BOSTON (STATE HOUSE NEWS SERVICE) – Like mechanics puzzled by a car that runs just fine but struggles to get up to speed on the highway, budget writers got under the hood of the state budget Monday morning, trying to discern what they need to do to ensure their spending plans stay on the road in fiscal 2018.
Despite the lowest unemployment rate in 15 years, and heightened consumer and business confidence, state budget managers have had to scramble this fiscal year and last to adjust as state tax collections have not lived up to initial projections amid a slow-growing economy.
“Do we have any better idea as to why some of this is happening in an economy, particularly for Massachusetts, that is doing, by all indications, well?” Sen. Karen Spilka, the Senate chair of the Ways and Means Committee, asked at the outset of the hearing. “I mean, you’d think that we would be doing well with withholdings and sales tax and corporate, with the business confidence the way it is.”
The hearing Monday by the Joint Committee on Ways and Means and the Executive Office of Administration and Finance was held to answer questions like Spilka’s and ascertain the availability of tax revenues for fiscal 2018 budget-building purposes.
Lawmakers heard a range of projections from the Department of Revenue, budget-tracking think tanks and Massachusetts economists at the annual hearing. Their estimates came in as low as 2.65 percent and as high as 5.2 percent.
The projections came with a flurry of warnings, with analysts urging lawmakers to consider how President-elect Donald Trump’s agenda could affect the state budget picture, how political and financial instability in Europe might make waves in Massachusetts, and how the state’s demographics play into its future economic performance.
DEPARTMENT OF REVENUE
Forecasted fiscal 2018 tax revenue growth: $901 million, or roughly 3.5 percent
Michael Heffernan, commissioner of the Department of Revenue, gave an uncertain forecast of state tax revenues in fiscal 2018, telling state budget writers that the outlook for next fiscal year is “perhaps even more uncertain than would normally be the case” due to economic and political unknowns around the country and the world.
DOR estimated fiscal 2018 tax collections will come in between $26.81 billion and $27.104 billion, representing growth of 2.9 to 4 percent over fiscal 2017 benchmarks. Using the midpoint of its range, DOR estimated a fiscal 2018 revenue increase of $901 million to $26.957 billion, growth of 3.5 percent.
According to the DOR, its estimate assumes the income tax rate will drop from 5.1 percent to 5.05 percent on Jan. 1, 2018, resulting in an $83 million reduction in state revenue. Recent economic growth was not significant enough to statutorily trigger an income tax cut on Jan. 1, 2017.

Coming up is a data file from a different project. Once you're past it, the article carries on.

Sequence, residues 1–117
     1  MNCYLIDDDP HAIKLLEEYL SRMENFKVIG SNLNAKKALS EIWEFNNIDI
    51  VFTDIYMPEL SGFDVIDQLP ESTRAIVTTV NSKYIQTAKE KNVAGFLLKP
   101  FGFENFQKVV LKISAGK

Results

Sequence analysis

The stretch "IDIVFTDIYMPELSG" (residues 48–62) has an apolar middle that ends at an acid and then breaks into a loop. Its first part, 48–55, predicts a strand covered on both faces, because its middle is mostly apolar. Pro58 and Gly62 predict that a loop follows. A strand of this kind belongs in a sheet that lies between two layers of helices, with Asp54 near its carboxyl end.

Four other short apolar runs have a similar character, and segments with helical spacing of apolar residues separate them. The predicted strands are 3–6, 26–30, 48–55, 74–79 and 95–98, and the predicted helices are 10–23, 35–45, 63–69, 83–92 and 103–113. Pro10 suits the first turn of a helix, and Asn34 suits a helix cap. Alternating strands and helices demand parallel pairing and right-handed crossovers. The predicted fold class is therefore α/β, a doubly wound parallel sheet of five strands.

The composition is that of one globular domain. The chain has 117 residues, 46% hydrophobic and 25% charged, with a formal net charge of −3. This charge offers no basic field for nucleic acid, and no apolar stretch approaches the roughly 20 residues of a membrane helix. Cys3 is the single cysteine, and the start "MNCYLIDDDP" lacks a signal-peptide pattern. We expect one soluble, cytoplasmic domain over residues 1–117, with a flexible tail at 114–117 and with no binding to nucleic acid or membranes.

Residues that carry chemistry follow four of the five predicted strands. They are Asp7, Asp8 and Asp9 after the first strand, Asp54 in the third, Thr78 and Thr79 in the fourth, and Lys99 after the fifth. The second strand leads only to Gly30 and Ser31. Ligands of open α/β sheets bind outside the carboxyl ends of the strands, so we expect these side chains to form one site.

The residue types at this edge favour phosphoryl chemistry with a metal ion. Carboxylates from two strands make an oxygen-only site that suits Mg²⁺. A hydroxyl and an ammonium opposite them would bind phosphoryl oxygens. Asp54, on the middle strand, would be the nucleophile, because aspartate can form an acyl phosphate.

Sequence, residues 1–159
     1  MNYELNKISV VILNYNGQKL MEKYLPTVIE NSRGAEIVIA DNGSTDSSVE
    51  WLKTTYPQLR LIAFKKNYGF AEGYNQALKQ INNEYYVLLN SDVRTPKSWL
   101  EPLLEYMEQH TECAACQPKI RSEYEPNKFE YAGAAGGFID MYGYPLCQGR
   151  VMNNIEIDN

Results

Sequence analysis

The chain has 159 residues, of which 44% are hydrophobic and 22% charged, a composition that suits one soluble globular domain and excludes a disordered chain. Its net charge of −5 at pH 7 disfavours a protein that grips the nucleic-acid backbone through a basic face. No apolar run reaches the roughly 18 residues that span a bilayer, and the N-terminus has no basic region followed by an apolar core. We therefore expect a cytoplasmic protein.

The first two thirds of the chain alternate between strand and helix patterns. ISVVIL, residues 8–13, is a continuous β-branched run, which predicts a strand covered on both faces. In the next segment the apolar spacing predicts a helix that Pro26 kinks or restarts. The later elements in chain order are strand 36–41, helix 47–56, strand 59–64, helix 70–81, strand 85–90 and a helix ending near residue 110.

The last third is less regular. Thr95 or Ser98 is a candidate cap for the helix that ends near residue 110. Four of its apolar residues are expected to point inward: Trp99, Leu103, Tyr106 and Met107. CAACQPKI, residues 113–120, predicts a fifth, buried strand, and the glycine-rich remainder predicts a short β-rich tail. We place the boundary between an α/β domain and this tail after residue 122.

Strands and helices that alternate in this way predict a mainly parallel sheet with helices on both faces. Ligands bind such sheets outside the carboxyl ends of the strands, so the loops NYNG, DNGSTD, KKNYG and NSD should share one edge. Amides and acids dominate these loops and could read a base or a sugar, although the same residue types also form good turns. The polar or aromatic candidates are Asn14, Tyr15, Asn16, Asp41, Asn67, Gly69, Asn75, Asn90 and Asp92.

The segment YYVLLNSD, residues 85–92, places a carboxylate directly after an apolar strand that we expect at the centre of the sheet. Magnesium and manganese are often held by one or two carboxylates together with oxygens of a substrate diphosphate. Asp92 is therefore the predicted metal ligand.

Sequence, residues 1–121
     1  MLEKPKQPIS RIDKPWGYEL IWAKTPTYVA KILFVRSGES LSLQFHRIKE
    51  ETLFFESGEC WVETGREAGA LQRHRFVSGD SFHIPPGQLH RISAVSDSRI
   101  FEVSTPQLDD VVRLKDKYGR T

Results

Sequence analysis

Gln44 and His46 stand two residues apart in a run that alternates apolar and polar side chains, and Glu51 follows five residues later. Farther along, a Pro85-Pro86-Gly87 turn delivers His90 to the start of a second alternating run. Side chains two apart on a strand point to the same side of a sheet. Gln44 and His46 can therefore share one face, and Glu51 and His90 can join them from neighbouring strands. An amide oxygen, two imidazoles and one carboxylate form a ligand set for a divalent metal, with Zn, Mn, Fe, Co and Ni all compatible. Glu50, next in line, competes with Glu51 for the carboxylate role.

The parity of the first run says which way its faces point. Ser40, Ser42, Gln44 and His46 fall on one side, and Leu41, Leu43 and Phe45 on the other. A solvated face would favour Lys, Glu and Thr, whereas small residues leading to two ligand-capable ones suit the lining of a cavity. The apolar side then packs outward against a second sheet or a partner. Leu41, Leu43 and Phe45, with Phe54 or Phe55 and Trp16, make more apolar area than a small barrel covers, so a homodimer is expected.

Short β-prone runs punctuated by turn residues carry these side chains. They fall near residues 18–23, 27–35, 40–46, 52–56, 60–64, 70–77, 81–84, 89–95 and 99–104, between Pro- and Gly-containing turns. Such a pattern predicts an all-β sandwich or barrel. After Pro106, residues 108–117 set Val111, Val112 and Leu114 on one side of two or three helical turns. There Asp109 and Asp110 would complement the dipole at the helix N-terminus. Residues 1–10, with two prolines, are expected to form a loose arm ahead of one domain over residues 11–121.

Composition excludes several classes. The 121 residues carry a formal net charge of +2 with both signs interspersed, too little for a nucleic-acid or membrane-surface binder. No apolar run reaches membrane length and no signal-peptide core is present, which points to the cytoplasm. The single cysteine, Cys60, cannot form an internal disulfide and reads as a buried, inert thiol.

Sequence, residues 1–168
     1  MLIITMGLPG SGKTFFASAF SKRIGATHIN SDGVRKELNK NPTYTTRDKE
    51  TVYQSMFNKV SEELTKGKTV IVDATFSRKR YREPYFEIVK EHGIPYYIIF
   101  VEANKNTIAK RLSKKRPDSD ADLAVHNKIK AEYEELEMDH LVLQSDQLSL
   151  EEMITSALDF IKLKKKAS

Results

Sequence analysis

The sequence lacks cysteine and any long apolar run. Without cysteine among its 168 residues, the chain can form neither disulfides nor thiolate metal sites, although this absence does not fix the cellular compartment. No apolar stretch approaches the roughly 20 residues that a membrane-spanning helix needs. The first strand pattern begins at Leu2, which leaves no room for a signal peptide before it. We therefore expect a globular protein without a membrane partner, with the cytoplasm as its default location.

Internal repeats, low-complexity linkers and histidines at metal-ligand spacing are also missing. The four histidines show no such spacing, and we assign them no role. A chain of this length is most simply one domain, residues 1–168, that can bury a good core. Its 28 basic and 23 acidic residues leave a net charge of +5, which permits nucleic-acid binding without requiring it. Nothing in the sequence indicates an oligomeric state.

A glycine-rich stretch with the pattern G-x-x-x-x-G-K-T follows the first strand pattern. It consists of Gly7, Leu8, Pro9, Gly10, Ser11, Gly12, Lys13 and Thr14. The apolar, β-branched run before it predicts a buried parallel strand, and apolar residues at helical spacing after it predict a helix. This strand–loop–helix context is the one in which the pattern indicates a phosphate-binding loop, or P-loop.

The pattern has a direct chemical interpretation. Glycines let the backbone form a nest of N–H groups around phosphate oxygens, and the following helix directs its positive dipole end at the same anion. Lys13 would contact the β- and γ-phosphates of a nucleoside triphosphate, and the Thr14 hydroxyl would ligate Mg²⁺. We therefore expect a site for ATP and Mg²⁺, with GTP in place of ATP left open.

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The DOR estimate also assumes that the state will see no revenue from legal marijuana in fiscal 2018, which ends 18 months from now or halfway through 2018. Retail marijuana shops are not expected to open until 2018.
Making the task of predicting difficult, DOR officials said, is the uncertainty surrounding the economic policies of the incoming Trump administration, instability in Europe due to Great Britain’s decision to leave the European Union, and the potential for Federal Reserve interest rate hikes.
“If the U.S. economy slows considerably, the Massachusetts economy will slow as well. Second, while there has been a recent bounce in consumer confidence and in the financial markets, it would not be prudent to project these as permanent,” DOR Commissioner Michael Heffernan said. “The level of uncertainty in both the economic and political spheres remains.”
MASSACHUSETTS TAXPAYERS FOUNDATION
Forecasted fiscal 2018 growth: $687 million, or roughly 2.65 percent.
The Massachusetts Taxpayers Foundation on Monday presented the Joint Ways and Means Committee with an estimate that state tax collections will grow by only 2.65 percent in fiscal 2018. Tax revenues will increase by about $687 million, to $26.64 billion, according to the foundation’s estimate.
Though the reasons behind the sluggish growth of the last nearly two years are “uncertain, what is clear is that there are no indicators suggesting state tax revenues will grow at a rate substantially higher than we’ve experienced over the last 11 months,” MTF President Eileen McAnneny said.
MTF echoed DOR’s concerns, and “advises extreme caution over the next 18 months and urges lawmakers to exercise great restraint in building the budget.”
“There are both longstanding causes for concern, such as a shrinking workforce and insufficient reserves in our stabilization fund, and many new ones — such as the lack of clarity on many policy positions from President-elect Trump and ominous signs of a global economic slowdown — that necessitate a conservative approach,” McAnneny said. “Given our fragile fiscal state and our unpreparedness for a recession, our expectation is that these pressures will only grow in the coming year.”